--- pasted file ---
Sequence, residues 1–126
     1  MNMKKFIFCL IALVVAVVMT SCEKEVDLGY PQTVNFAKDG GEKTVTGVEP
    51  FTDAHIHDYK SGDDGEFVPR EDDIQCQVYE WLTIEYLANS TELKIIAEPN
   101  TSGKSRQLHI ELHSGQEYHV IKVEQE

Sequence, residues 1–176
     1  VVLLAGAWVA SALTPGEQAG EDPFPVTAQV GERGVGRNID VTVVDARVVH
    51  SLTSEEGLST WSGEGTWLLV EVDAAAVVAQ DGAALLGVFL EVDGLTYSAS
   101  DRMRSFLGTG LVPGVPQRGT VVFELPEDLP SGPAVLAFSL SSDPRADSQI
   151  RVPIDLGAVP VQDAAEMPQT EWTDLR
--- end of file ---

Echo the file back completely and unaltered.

Sequence, residues 1–126
     1  MNMKKFIFCL IALVVAVVMT SCEKEVDLGY PQTVNFAKDG GEKTVTGVEP
    51  FTDAHIHDYK SGDDGEFVPR EDDIQCQVYE WLTIEYLANS TELKIIAEPN
   101  TSGKSRQLHI ELHSGQEYHV IKVEQE

Sequence, residues 1–176
     1  VVLLAGAWVA SALTPGEQAG EDPFPVTAQV GERGVGRNID VTVVDARVVH
    51  SLTSEEGLST WSGEGTWLLV EVDAAAVVAQ DGAALLGVFL EVDGLTYSAS
   101  DRMRSFLGTG LVPGVPQRGT VVFELPEDLP SGPAVLAFSL SSDPRADSQI
   151  RVPIDLGAVP VQDAAEMPQT EWTDLR